Feeling sluggish? Need a break from overindulging? A juice cleanse can help fix those ills—at least according to the claims made by some of the companies that sell them. On a cleanse, you replace solid food with fruit and vegetable juices (and sometimes nut milks) for one day to a week or longer. About 20 percent of adults who want to lose or maintain weight have tried a “cleanse,” according to market research firm Mintel's November 2014 "Diet Trends" report. Adults ages 18 to 34 are the biggest cleanse users, with men edging out women. Cleanse enthusiasts aren’t just juicing apples and kale at home: Consumer Reports estimates that Americans spend more than $200 million on bottled cleanses each year.

Weight loss is one reason people turn to cleanses. In 2006 Beyoncé reportedly slimmed down using The Master Cleanse—a regime dating back to 1940 that consists of a cocktail of lemon, maple syrup, cayenne pepper, and water, plus a laxative. But the promises that many of today’s manufacturers make are more focused on improving health and wellbeing, some claiming to “reset your body,” “eliminate toxins,” impart “increased energy,” and more. And cleanses come complete with healthy-sounding names such as Glow, and Purify.

That’s heady stuff for any juice. To find out whether they live up to the hype, in September 2015 Consumer Reports’ nutrition experts ordered a three-day program from four juice cleanse brands: BluePrint Renovation Cleanse (shown above), Suja Original Fresh Start, Pressed Juicery Cleanse 1 (shown below), and Organic Avenue Love Deep. (Organic Avenue is currently unavailable, but a representative says it will be available again this spring.)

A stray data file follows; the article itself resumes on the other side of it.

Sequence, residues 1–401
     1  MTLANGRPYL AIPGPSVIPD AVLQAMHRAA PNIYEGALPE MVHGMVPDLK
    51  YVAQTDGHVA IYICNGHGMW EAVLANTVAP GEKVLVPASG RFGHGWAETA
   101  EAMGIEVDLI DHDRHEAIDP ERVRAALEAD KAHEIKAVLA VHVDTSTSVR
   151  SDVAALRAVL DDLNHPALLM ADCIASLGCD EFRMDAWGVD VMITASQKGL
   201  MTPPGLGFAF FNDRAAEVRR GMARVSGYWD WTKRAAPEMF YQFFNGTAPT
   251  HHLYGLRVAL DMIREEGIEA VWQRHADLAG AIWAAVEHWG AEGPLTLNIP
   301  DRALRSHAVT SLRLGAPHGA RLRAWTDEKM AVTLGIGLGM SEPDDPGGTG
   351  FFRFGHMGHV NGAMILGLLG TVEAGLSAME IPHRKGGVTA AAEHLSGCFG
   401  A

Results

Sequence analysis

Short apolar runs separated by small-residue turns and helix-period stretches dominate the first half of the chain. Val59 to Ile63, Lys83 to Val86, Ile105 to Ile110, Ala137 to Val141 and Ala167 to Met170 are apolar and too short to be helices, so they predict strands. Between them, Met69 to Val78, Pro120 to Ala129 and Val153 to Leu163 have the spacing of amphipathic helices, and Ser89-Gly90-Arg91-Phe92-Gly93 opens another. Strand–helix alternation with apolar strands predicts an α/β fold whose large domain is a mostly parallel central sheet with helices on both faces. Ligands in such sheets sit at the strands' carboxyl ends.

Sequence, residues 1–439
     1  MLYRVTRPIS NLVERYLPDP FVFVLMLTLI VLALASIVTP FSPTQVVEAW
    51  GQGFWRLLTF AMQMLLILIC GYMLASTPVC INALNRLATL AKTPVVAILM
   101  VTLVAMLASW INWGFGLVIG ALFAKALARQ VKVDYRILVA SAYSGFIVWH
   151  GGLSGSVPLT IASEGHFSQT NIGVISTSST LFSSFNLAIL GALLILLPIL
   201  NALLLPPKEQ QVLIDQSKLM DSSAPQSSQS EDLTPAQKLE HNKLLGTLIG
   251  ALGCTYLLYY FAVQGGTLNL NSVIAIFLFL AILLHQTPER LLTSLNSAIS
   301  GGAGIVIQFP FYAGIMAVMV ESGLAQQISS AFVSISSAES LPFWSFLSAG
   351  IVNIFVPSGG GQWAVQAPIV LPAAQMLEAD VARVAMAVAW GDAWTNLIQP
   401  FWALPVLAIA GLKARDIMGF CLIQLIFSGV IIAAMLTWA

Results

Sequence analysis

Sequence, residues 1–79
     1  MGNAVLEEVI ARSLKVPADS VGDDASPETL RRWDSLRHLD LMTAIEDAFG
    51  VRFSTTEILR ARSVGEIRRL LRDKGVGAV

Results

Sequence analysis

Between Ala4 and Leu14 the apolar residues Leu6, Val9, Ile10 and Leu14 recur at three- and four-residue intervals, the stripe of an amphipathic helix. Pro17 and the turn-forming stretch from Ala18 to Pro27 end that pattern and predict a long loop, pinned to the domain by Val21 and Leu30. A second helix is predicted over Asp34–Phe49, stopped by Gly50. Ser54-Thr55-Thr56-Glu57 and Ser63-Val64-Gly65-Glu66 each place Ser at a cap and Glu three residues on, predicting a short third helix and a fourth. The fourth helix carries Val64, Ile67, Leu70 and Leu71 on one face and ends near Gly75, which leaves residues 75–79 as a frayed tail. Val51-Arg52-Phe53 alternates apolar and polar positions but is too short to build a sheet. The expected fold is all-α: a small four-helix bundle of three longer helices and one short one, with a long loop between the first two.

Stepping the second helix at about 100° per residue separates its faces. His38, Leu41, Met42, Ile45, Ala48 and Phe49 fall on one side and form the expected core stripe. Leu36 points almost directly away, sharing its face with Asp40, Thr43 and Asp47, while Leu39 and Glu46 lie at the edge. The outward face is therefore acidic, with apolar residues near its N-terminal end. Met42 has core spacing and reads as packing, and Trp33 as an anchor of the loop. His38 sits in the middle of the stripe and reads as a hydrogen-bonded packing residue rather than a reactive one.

The first thing we noticed was the steep price; three days of juices cost around $200 (including shipping). After evaluating their nutrition labels, reviewing the medical research, and talking to experts, we put some of these claims into perspective.

Claim: Removes toxins
“Many people believe that they have toxins stuck inside them, and that cleansing diets will get rid of them, but the idea that your body needs to be ‘detoxed’ is folklore,” says Frank Greenway, M.D., a professor, endocrinologist, and nutrition and obesity expert who runs the outpatient research clinic at Pennington Biomedical Research Center.

Our bodies make toxins—including urea (a compound produced when we digest protein), and lactic acid, (which our muscles produce during strenuous exercise). “But we don’t need help removing them,” says nephrologist Orlando Gutierrez, M.D., associate professor of medicine at the University of Alabama at Birmingham. “The kidneys and liver are the body’s natural detoxers,” Gutierrez says. Those organs convert toxins into compounds that are eliminated by our bodies in sweat, urine, and feces.

Claim: Rests your digestive system
“Juices, or any kind of pulverized food, don’t require your stomach to grind them up, so you are making your gut work a little less hard,” says Arthur Heller, M.D., a clinical nutrition expert, gastroenterologist and internist at New York-Presbyterian Hospital/Weill Cornell Medical Center. But, “unless you have a condition such as inflammatory bowel disease or Crohn’s disease, it’s not necessary to rest your digestive system.” Heller says.

And on average, the cleanses we looked at were generally low in fiber, a component that helps your digestive system run smoothly. Based on a 2,000 calorie per day diet, adults should eat 28 grams of fiber daily. Skimp and you can end up with constipation or diarrhea—conditions that cleanse enthusiasts sometimes wrongly cite as evidence that the body is expelling toxins, but which Heller says is more likely due to insufficient fiber or another medical problem.

Of the juice cleanses we looked at, only Pressed Juicery hit (and exceeded) that fiber target, providing 36g of fiber per day. Suja, BluePrint and Organic Avenue all had less than 12g per day. (See table below for more nutritional information.) 

Claim: Boosts energy
You may feel energized on a juice cleanse, but “those energy spikes could be due to the fact that juices contain free sugars whereas whole fruit does not,” says Adam Drewnowski, Ph.D., professor of epidemiology at the University of Washington in Seattle. In fact, 70 to 91 percent of the carbohydrates in the cleanses we looked at came from sugars. “Without enough fiber to slow absorption, free sugars can quickly enter the bloodstream giving you increased energy,” Drewnowski says. Drinking a glass of orange juice on an empty stomach does the same thing.